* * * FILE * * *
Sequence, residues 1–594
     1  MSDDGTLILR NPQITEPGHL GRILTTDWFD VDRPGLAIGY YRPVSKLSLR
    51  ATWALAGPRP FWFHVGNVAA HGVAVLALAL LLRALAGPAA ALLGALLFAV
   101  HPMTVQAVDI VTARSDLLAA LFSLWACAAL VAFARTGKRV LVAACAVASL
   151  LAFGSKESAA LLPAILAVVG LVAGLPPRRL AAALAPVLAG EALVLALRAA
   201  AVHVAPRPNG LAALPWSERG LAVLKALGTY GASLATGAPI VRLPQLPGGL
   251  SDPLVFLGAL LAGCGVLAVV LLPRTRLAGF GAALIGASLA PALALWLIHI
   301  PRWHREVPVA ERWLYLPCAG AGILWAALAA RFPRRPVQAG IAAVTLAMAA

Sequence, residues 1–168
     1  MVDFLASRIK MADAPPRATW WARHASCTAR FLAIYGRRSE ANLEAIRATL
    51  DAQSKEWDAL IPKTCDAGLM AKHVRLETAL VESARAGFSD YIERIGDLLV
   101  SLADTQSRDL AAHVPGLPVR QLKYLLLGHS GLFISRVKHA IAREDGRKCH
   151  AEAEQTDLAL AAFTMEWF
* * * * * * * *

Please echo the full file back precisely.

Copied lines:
Sequence, residues 1–594
     1  MSDDGTLILR NPQITEPGHL GRILTTDWFD VDRPGLAIGY YRPVSKLSLR
    51  ATWALAGPRP FWFHVGNVAA HGVAVLALAL LLRALAGPAA ALLGALLFAV
   101  HPMTVQAVDI VTARSDLLAA LFSLWACAAL VAFARTGKRV LVAACAVASL
   151  LAFGSKESAA LLPAILAVVG LVAGLPPRRL AAALAPVLAG EALVLALRAA
   201  AVHVAPRPNG LAALPWSERG LAVLKALGTY GASLATGAPI VRLPQLPGGL
   251  SDPLVFLGAL LAGCGVLAVV LLPRTRLAGF GAALIGASLA PALALWLIHI
   301  PRWHREVPVA ERWLYLPCAG AGILWAALAA RFPRRPVQAG IAAVTLAMAA

Sequence, residues 1–168
     1  MVDFLASRIK MADAPPRATW WARHASCTAR FLAIYGRRSE ANLEAIRATL
    51  DAQSKEWDAL IPKTCDAGLM AKHVRLETAL VESARAGFSD YIERIGDLLV
   101  SLADTQSRDL AAHVPGLPVR QLKYLLLGHS GLFISRVKHA IAREDGRKCH
   151  AEAEQTDLAL AAFTMEWF